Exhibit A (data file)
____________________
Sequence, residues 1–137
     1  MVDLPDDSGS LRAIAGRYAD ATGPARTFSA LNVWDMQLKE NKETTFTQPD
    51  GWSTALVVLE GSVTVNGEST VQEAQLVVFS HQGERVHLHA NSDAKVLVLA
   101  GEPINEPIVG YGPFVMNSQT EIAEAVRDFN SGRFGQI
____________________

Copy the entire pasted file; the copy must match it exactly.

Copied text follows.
Sequence, residues 1–137
     1  MVDLPDDSGS LRAIAGRYAD ATGPARTFSA LNVWDMQLKE NKETTFTQPD
    51  GWSTALVVLE GSVTVNGEST VQEAQLVVFS HQGERVHLHA NSDAKVLVLA
   101  GEPINEPIVG YGPFVMNSQT EIAEAVRDFN SGRFGQI